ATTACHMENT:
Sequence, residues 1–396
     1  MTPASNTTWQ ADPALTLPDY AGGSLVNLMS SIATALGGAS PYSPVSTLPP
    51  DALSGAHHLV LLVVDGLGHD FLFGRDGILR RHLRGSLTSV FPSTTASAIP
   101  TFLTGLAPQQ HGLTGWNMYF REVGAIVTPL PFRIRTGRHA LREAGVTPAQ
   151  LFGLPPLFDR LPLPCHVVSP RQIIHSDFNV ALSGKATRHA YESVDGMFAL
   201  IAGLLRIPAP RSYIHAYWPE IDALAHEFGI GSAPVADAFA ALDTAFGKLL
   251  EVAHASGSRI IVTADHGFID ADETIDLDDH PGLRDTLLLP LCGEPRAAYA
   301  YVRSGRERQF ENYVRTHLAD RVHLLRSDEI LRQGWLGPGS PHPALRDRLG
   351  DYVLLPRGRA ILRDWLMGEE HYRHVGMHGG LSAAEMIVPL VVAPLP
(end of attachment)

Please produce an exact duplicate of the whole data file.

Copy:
Sequence, residues 1–396
     1  MTPASNTTWQ ADPALTLPDY AGGSLVNLMS SIATALGGAS PYSPVSTLPP
    51  DALSGAHHLV LLVVDGLGHD FLFGRDGILR RHLRGSLTSV FPSTTASAIP
   101  TFLTGLAPQQ HGLTGWNMYF REVGAIVTPL PFRIRTGRHA LREAGVTPAQ
   151  LFGLPPLFDR LPLPCHVVSP RQIIHSDFNV ALSGKATRHA YESVDGMFAL
   201  IAGLLRIPAP RSYIHAYWPE IDALAHEFGI GSAPVADAFA ALDTAFGKLL
   251  EVAHASGSRI IVTADHGFID ADETIDLDDH PGLRDTLLLP LCGEPRAAYA
   301  YVRSGRERQF ENYVRTHLAD RVHLLRSDEI LRQGWLGPGS PHPALRDRLG
   351  DYVLLPRGRA ILRDWLMGEE HYRHVGMHGG LSAAEMIVPL VVAPLP